When your commercial shopping center tenant wants marriage yet you still want to see other tenants!
I once heard someone use the comparison that Commercial Leases are similar to marriages. This may be true if your pre-nuptial agreement involves a set term, hours of negotiating, and enough legal jargon to ensure your attorney heads for an early retirement.
In negotiating any Lease it is imperative to know the consequential effects of each clause that is being requested or permitted. One such very important clause which is often under analyzed is the Exclusive clause (a.k.a. exclusivity clause).
Fundamentally, with the proper terms, the exclusive clause will generally allow one tenant the sole legal right to sell a specific item or conduct a specific type of business within your building or property. Although this term may sound fairly simple and reasonable, commercial investors will quickly admit this clause can have monumental and irreprehensible effects to your shopping center and income. This lone clause could very well limit your future chances of filling your vacancy, maximizing your income and could lead to costly attorney fees or a lawsuit.
Experienced tenants during preliminary negotiations will quickly demand this clause in commercial shopping centers where there is the potential for the Lessor to lease space to a business conducting the same type of business. The astute tenant will realize the financially detrimental effects of direct competition within the same shopping center and will often demand this clause to assist in financial success. Realizing the tenants justified concern the Lessor will commonly permit the exclusive clause.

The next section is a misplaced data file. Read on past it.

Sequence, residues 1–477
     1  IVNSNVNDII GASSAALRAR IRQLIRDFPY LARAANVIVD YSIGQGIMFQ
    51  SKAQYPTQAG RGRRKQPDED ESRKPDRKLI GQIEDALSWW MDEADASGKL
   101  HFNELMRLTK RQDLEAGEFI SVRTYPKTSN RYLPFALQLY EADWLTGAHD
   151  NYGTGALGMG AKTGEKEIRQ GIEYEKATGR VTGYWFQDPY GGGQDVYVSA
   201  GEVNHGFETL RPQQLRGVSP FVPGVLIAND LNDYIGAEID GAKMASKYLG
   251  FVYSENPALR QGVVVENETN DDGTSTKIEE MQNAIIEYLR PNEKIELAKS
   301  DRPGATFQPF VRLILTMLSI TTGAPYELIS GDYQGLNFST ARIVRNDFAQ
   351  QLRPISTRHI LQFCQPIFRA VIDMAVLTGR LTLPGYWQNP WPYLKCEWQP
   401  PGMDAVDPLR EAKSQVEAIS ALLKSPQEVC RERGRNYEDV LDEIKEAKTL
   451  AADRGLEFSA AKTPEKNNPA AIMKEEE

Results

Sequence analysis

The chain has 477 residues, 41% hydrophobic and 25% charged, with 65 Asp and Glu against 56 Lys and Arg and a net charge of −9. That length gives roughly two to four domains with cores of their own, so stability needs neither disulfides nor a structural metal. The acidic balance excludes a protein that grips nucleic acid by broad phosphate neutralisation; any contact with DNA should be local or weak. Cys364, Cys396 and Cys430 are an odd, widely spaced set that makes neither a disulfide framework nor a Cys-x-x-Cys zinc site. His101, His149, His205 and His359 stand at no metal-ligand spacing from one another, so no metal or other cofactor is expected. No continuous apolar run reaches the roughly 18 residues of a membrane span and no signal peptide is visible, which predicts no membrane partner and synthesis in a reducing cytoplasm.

During the Lease negotiations the Lessor holds the sole power to allow the exclusive clause. The prospective Lessee has the decision to accept the property with or without such clause. Although this may sound fairly simple, this clause can easily make or break your ability to maximize future income.
Prime example: You agree to enter into a long-term lease with a well known convenient store chain that demands an exclusive clause when obtaining a Lease. You are eager to enter into a Lease with this tenant because of their long-term stability, above market offer, and needed traffic flow that will be brought to your center. A problem occurs in negotiations when the tenant demands this exclusive clause, “Exclusive right to sale grocery items, beauty products, fountain, canned, and bottled drinks.”
Without consulting professional council and driven by the fear of loosing the tenant, the Lessor permits such a clause unbeknownst to the irreprehensible consequences.
The inconclusive wording leads for multiple ways of interpreting the clause. The tenant may interpret the clause as the exclusive right to sell all things sold in a grocery store, all beauty supply and related products and any kind of liquid beverages. This will be disastrous if you have or will have any time in the future such tenants as a restaurant, hair salon, general store, or anyone wanting to sell something to drink. This lone clause could potentially cause litigation over a soda vending machine in a doctor’s office. In addition to the potential disputes and litigation, this clause will drastically limit your future leasing to a small tenant base.
The single, most important set in negotiating the exclusive clause is to be extremely detailed in your exclusive items. If you tenant desires the right to sell beverages, find out exactly what type they intent to sell. Don’t allow the exclusive right to sell all beverages if your tenant only desires the right to sell a soy latte or a mango smoothie. Execute your Lease with the most detailed and precise wording to ensure your investment is secure when negotiating this problematic clause. Undoubtedly if you are remotely unsure with the exclusive clause and the terminology to use, the smartest thing to do is to consult with your legal counsel to assist with the situation. Good luck and may your years of marriage be as happy as the honeymoon.
Written by Brian Gordon
Brian Gordon (RE Lic#01302670) is the president and broker of record for Lotus Property Services, Inc., a property management company based in the San Gabriel Valley. Lotus Property Services, Inc. manages multi-unit residential and commercial properties throughout the greater Los Angeles area. Brian can be reached at (626) 582-8001 or email@example.com
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